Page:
Tag Archives: WPLongform

Not in my name or theirs: in defence and celebration of the diversity of what I study

In my previous post, I attempted to underline that medieval studies nowadays finds itself in a position of having an unusually high level of political relevance. Not through any moves obviously engineered by academic medievalists, rather through the rise in Europe and the US … Continue reading

Posted in Anglo-Saxon, Annals, Archaeology, Bede, Charters, Coins, Dating, History, Language, Latin, Literature, Old English, PhD, Place-Names, Politics, Twitter | Tagged , , , , , , , , , , , | Leave a comment

On trying to be a better medievalist (and make the world a better place)

I spent a large chunk of the first few weeks of the new year away from this blog working on a funding application for my PhD research. Consequently, of late, I have spent a lot of time thinking about what I study, … Continue reading

Posted in Anglo-Saxon, Annals, Archaeology, History, internet, Language, Literature, News, Old English, PhD, Place-Names, Politics, Publishing, Soapbox, Twitter | Tagged , , , , , , , , , , | 1 Comment

The Fields of Puttenhamia: Some thoughts on the place of Roman landscape features in the early medieval period and beyond

This is me returning to the theme of early fields and field systems initiated by a long (and gratifyingly popular) post from back in the Spring. Identifying the physical remains of field systems in the northern half of Puttenham Common may … Continue reading

Posted in Agriculture, Anglo-Saxon, Archaeology, Books, Dating, Field-names, Landscape, Old English, Pottery, Puttenham, Topography | Tagged , , , , , , , , , , , , | Leave a comment

Pannage and the Disco: Reflections on Leeds International Medieval Congress 2016

It’s little over a week since I returned from Leeds and this year’s International Medieval Congress. Previously when I’ve been to big conferences I’ve prevaricated about writing up my experiences and observations as, well, it requires quite a lot of time … Continue reading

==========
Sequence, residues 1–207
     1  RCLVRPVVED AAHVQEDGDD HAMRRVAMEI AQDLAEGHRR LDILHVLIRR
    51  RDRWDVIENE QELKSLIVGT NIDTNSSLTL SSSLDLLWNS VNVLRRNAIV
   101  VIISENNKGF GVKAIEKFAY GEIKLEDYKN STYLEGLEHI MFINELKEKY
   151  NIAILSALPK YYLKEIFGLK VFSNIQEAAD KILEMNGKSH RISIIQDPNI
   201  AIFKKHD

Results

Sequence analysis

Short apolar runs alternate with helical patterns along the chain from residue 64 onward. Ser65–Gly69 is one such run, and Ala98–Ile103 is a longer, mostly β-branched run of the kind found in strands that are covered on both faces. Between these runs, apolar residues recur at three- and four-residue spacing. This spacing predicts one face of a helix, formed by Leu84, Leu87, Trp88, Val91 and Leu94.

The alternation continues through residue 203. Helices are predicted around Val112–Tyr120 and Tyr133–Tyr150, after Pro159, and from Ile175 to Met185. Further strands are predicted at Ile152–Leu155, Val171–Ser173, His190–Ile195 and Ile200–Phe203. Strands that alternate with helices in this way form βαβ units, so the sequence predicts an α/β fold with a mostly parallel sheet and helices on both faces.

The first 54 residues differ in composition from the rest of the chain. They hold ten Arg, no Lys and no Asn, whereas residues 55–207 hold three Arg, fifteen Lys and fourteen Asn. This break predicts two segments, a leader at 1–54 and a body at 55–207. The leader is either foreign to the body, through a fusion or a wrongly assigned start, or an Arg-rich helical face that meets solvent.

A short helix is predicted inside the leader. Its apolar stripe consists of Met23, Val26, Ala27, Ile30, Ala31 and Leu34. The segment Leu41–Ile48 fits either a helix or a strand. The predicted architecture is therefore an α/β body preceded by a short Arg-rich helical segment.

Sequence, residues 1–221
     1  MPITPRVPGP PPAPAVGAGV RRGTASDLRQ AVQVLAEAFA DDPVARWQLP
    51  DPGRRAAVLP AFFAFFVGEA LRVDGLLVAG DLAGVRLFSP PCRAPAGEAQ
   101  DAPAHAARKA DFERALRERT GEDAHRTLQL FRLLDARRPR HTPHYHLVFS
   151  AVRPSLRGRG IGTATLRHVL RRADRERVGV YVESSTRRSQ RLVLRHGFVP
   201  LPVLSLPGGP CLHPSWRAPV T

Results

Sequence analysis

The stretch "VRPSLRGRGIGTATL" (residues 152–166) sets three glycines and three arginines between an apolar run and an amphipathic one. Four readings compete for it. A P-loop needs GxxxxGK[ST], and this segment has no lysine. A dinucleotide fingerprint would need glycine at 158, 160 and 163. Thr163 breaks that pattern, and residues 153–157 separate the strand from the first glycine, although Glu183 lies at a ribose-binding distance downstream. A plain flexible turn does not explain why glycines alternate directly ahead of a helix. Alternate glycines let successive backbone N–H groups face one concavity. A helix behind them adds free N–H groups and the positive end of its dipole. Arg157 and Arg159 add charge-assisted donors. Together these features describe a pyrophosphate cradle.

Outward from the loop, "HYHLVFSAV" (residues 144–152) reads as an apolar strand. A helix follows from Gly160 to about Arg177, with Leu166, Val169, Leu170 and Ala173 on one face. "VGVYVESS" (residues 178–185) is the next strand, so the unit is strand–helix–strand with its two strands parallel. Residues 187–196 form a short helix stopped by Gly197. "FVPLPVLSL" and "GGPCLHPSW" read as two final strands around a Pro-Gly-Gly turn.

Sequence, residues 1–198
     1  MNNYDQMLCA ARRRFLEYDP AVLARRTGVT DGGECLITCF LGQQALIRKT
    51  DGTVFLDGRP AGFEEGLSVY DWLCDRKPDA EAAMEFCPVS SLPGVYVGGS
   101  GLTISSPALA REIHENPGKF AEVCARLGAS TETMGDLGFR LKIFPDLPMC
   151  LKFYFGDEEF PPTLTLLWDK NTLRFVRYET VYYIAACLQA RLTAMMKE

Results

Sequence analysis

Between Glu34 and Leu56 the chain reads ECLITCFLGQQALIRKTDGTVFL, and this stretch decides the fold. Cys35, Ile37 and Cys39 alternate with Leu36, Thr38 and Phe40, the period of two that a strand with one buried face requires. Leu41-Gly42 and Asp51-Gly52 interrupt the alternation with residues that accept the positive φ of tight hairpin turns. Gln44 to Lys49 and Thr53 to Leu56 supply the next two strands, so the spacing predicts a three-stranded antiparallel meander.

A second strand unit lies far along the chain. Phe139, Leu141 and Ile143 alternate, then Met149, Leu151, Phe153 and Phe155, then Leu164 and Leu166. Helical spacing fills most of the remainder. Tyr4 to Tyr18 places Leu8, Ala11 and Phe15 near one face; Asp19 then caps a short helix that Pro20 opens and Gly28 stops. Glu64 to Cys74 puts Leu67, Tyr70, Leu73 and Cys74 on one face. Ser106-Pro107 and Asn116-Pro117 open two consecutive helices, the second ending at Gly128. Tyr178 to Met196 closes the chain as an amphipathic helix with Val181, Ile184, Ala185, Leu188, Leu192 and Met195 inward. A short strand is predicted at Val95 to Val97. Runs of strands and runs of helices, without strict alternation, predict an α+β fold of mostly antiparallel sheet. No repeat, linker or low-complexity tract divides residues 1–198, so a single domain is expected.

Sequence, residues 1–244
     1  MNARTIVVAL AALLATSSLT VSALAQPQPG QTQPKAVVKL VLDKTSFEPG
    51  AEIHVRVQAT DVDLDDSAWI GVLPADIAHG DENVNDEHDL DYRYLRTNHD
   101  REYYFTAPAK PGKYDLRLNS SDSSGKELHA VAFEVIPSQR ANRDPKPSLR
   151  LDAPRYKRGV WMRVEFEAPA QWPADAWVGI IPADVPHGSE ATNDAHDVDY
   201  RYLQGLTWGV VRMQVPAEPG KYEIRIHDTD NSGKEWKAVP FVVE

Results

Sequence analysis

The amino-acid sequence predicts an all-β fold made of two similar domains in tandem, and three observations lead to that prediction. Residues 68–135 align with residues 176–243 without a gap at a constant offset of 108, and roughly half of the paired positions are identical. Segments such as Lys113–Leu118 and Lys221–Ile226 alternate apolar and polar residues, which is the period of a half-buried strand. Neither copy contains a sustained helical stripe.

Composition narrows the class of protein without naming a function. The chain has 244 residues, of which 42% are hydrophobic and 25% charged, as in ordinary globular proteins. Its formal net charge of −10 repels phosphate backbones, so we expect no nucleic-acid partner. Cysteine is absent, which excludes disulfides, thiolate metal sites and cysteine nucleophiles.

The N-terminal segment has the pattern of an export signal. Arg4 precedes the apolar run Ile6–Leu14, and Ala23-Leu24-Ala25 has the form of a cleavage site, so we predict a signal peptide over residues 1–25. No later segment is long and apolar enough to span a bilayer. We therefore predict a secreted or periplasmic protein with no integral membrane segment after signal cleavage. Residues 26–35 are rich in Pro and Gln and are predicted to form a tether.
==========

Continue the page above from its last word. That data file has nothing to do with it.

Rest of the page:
Posted in Being organised, Conference, Leeds, Pigs | Tagged , , , , , , , , , , , , | 3 Comments

Goldhords in Surrey: a horde of names, any hoards of gold?

This post originally trailed the above day workshop held at UCL’s Institute of Archaeology on 22nd June 2016. The event was organised by all-round good egg Murray Andrews, a fellow IoA PhD researcher and late of Medieval Bayton parish. I’m pretty certain the … Continue reading

Posted in Archaeology, Coins, Conference, Field-names, Folklore, Landscape, Middle English, Numismatics, Old English, Place-Names, Portable Antiquities Scheme, Surrey | Tagged , , , , , , , , , | 2 Comments

Getting to the root of Getinges: tribal memory and group identity in Early Anglo-Saxon Surrey

Recently, I uploaded a revised version of my Nottingham MA dissertation under the Work tab. To sum up its purpose and content in a sentence, the dissertation constitutes a predominantly-linguistic reassessment of all place-names in the historic county of Surrey which might … Continue reading

Posted in Annals, Charters, Chertsey, Genealogy, History, Nottingham, Old English, PhD, Place-Names, Surrey | Tagged , , , , , , , , , , , , | 2 Comments

The “missing” Early Anglo-Saxon burials of historic north-east Surrey: bodies in the Thames?

(I’ve only gone and done another really long post! This is of course a good thing, as there’s plenty of what I consider to be great stuff in what follows, so please make some time to give it a go. Still, … Continue reading

Posted in Anglo-Saxon, Archaeology, Landscape, London, Portable Antiquities Scheme, Ritual, Surrey, Thames | Tagged , , , , , , , , | 1 Comment